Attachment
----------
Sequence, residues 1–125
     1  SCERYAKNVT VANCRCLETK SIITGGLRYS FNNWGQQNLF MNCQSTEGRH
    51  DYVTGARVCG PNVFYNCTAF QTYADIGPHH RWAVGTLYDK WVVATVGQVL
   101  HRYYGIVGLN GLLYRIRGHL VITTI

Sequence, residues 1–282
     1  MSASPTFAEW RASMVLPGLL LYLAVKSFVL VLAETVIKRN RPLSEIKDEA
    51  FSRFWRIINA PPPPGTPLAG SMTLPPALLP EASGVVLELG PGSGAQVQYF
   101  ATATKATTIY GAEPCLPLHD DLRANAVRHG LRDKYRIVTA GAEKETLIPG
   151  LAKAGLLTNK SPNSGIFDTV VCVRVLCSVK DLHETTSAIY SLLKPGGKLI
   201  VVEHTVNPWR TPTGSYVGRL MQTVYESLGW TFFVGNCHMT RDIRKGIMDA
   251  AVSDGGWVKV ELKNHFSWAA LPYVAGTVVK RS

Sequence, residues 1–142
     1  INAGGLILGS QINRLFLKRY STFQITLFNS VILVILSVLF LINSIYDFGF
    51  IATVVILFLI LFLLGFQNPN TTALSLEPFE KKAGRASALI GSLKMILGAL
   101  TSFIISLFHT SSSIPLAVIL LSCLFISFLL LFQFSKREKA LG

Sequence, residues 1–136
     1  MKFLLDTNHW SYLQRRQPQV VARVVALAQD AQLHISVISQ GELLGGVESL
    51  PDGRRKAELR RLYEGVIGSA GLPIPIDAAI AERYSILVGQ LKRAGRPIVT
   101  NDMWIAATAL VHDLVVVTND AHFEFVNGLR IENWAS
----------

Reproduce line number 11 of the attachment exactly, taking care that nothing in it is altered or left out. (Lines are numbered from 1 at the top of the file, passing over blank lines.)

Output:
   251  AVSDGGWVKV ELKNHFSWAA LPYVAGTVVK RS